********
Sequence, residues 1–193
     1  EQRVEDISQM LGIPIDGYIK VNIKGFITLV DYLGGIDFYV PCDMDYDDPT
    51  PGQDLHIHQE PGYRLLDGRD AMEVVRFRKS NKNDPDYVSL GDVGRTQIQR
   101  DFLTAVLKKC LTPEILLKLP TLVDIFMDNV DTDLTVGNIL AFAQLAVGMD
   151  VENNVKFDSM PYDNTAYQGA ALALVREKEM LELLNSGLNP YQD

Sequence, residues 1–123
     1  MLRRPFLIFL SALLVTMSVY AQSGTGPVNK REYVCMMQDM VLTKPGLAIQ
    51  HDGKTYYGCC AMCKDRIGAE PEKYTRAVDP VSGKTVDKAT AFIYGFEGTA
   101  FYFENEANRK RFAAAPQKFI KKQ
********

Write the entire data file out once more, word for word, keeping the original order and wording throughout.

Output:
Sequence, residues 1–193
     1  EQRVEDISQM LGIPIDGYIK VNIKGFITLV DYLGGIDFYV PCDMDYDDPT
    51  PGQDLHIHQE PGYRLLDGRD AMEVVRFRKS NKNDPDYVSL GDVGRTQIQR
   101  DFLTAVLKKC LTPEILLKLP TLVDIFMDNV DTDLTVGNIL AFAQLAVGMD
   151  VENNVKFDSM PYDNTAYQGA ALALVREKEM LELLNSGLNP YQD

Sequence, residues 1–123
     1  MLRRPFLIFL SALLVTMSVY AQSGTGPVNK REYVCMMQDM VLTKPGLAIQ
    51  HDGKTYYGCC AMCKDRIGAE PEKYTRAVDP VSGKTVDKAT AFIYGFEGTA
   101  FYFENEANRK RFAAAPQKFI KKQ